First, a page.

## Timing the Ins and Outs of User Defined Functions: Multi-Cell array formulas can be slow

I was looking at some multi-cell array formula UDFs with John and Rich and could not understand why they seemed so much slower than I expected.

Each UDF (written as C++ XLLs) read data from around 200 cells using around 40 parameters, did some very simple logic and arithmetic and then returned values to a different 200 cells. Each of these UDF was taking around 16-20 milliseconds and the workbook contained several thousand calls to these UDFs.

So I started to investigate:

## First Hypothesis: Maybe marshalling input data from multiple parameters is slow?

We know that the way to speed up reading data from Excel Cells is to read data in as large a block as possible rather than in many small chunks. So maybe the number of parameters was the problem. To test this I wrote a couple of XLL functions.
MarshallAll takes a single parameter of a range of cells and returns the number of columns. The parameter is type Q so arrives in the function as values rather than a reference.
MarshallMany takes 40 parameters (also type Q) and returns a constant value of 88.

```
CXlOper* MarshallAll_Impl(CXlOper& xloResult, const CXlOper* Arg1)
{
long nCols=0;
nCols=Arg1->GetWidth2();
xloResult=(double)nCols;
return xloResult.Ret();
}

CXlOper* MarshallMany_Impl(CXlOper& xloResult, const CXlOper* Arg1, const
CXlOper* Arg2, const CXlOper* Arg3, const CXlOper* Arg4, const CXlOper*
Arg5, const CXlOper* Arg6, const CXlOper* Arg7, const CXlOper* Arg8, const
CXlOper* Arg9, const CXlOper* Arg10, const CXlOper* Arg11, const CXlOper*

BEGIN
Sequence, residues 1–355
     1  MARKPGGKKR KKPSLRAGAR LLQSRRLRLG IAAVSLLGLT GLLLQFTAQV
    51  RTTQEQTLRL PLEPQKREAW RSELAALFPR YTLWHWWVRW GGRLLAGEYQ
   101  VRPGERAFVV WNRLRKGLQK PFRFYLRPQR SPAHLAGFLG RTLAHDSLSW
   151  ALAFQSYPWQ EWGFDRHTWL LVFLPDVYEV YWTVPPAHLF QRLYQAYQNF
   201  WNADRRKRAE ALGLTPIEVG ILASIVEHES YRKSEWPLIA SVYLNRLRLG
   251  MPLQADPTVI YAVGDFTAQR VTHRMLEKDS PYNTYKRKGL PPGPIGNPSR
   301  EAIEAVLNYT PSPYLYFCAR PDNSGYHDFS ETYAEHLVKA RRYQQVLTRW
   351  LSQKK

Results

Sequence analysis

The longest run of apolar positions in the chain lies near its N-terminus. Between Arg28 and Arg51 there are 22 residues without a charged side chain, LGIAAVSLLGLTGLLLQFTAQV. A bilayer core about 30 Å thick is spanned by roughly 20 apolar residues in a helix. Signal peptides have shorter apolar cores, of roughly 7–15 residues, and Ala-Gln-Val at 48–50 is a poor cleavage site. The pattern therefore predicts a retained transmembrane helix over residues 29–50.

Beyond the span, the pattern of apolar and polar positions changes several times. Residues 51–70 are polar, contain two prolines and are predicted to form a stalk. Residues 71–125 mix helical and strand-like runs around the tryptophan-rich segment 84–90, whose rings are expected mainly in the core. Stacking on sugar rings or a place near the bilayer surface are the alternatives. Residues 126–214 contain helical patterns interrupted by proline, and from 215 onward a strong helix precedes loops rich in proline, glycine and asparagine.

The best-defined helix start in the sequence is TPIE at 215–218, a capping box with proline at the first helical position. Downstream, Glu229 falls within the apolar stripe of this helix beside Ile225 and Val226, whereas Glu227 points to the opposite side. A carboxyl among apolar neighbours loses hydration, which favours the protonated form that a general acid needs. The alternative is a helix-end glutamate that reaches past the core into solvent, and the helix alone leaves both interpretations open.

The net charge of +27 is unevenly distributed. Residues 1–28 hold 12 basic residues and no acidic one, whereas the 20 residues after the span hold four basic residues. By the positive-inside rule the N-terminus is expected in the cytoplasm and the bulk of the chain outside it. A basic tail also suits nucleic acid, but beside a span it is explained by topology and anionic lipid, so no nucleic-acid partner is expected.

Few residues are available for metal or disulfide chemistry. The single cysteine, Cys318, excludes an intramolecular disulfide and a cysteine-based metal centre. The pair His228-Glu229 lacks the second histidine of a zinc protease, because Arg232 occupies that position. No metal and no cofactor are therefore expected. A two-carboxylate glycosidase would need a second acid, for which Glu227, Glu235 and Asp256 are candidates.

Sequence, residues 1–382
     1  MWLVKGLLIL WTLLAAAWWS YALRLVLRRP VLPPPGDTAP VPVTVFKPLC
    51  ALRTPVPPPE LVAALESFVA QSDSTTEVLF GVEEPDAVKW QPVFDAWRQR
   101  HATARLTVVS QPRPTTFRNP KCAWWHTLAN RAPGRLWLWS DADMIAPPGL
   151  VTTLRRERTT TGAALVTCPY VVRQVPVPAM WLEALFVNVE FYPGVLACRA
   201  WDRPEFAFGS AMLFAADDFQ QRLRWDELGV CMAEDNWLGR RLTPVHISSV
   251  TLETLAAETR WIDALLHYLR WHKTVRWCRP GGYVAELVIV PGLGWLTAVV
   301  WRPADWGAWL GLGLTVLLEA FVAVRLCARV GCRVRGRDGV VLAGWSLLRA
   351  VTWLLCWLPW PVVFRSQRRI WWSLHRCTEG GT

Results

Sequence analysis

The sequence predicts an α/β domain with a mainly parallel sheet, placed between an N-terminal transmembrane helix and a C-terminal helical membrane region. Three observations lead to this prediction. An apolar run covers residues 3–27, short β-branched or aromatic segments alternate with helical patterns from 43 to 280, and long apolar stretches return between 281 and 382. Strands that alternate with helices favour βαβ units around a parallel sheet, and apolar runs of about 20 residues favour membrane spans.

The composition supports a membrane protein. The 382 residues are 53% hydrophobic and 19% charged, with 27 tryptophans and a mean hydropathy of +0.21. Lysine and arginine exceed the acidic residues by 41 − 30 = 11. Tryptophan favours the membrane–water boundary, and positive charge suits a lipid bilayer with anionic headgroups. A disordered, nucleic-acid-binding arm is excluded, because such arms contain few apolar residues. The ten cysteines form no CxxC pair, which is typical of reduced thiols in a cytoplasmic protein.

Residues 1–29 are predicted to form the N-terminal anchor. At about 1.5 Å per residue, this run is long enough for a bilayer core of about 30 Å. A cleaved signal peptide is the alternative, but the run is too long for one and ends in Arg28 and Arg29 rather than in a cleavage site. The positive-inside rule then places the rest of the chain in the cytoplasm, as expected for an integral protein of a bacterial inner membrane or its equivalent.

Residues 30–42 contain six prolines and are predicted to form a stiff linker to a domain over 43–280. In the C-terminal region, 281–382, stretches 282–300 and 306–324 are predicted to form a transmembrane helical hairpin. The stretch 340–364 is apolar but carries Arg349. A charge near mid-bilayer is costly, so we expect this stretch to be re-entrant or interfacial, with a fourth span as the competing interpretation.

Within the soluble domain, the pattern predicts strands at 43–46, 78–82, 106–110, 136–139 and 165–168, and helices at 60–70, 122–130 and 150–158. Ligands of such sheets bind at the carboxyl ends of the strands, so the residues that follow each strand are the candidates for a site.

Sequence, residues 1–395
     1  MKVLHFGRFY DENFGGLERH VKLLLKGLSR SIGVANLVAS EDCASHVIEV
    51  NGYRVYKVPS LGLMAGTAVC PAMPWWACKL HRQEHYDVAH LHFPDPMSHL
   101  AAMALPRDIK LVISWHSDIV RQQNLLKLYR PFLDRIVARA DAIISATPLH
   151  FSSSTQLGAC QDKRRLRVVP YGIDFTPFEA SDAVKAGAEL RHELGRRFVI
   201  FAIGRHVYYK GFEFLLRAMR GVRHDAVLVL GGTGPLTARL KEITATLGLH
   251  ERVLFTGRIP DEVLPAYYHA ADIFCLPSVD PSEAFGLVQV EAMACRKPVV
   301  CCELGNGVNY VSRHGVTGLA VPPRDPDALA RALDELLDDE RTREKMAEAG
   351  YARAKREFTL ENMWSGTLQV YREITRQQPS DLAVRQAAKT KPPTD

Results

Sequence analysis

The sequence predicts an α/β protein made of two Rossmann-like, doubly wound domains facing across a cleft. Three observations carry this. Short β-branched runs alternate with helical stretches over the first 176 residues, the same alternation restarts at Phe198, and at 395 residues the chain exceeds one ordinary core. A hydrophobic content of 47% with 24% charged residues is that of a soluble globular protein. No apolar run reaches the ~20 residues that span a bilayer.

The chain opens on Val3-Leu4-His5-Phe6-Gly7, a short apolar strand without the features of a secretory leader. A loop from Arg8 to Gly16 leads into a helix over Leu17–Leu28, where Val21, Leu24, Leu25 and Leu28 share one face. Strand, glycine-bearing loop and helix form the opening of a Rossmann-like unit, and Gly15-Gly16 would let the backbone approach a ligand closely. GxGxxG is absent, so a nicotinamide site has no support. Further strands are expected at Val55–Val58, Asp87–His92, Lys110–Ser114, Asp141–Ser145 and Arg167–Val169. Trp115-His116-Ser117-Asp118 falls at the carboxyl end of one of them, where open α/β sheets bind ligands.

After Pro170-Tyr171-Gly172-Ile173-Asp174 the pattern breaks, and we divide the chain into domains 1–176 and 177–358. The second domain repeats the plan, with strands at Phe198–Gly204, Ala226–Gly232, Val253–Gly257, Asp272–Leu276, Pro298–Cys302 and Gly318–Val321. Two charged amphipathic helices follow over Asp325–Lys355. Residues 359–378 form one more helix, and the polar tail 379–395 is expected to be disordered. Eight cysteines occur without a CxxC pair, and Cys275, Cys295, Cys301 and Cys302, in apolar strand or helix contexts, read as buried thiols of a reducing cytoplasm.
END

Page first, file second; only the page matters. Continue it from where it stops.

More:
Arg12, const CXlOper* Arg13, const CXlOper* Arg14, const CXlOper* Arg15,
const CXlOper* Arg16, const CXlOper* Arg17, const CXlOper* Arg18, const
CXlOper* Arg19, const CXlOper* Arg20, const CXlOper* Arg21, const CXlOper*
Arg22, const CXlOper* Arg23, const CXlOper* Arg24, const CXlOper* Arg25,
const CXlOper* Arg26, const CXlOper* Arg27, const CXlOper* Arg28, const
CXlOper* Arg29, const CXlOper* Arg30, const CXlOper* Arg31, const CXlOper*
Arg32, const CXlOper* Arg33, const CXlOper* Arg34, const CXlOper* Arg35,
const CXlOper* Arg36, const CXlOper* Arg37, const CXlOper* Arg38, const
CXlOper* Arg39, const CXlOper* Arg40)
{
xloResult=88.0;
return xloResult.Ret();
}

```

But when I compared the execution times of these functions they were both fast and there was not much difference in timings, although it was faster to read as many cells as possible with each parameter.

So hypothesis 1 failed.

I checked how the time taken varied with the number of cells read and their datatype.

As expected large strings take longer than small strings which take more time than numbers. And it is more efficient to read as many cells as possible for each parameter.

## Second Hypothesis: Maybe returning results to multiple cells is slow?

We know that writing data back to Excel cells from VBA is significantly slower than reading data from cells.

I wrote another simple XLL UDF: MarshallOut. This took a single argument of a range and returned it.

```
CXlOper* MarshallOut_Impl(CXlOper& xloResult, const CXlOper* Arg1)
{
xloResult=*Arg1;
return xloResult.Ret();
}

```

Bingo: returning data to multiple cells is comparatively slow.

I used FastExcel Profile Formulas to time the tests:

Reading and returning a 255 character string to each of 100 cells takes 13 milliseconds.

Notice that the time taken is NOT linear with respect to the number of cells.

I also noticed that FastExcel Workbook Profiler showed that these functions were making inefficient use of multi-threaded recalculation. Presumably this is because they need an exclusive lock on Excel’s results table whilst writing out the results, and most of the time used is doing exactly that.

By contrast, the first set of “read-many cells but write one cell”  functions made efficient use of multi-threading.

## Comparing XLL functions with VBA Functions.

I did a small number of comparison with VBA equivalents of these XLL functions. The VBA functions showed the same kind of performance behaviour as the XLL functions and were slightly slower. Of course VBA functions cannot multi-thread.

## Conclusions

• Large numbers of array formulas that return results to multiple cells can be slow.
• Multi-cell array formulas do not multi-thread efficiently whilst writing their results back.
• It is more efficient to have larger ranges and fewer parameters than many parameters referencing small ranges.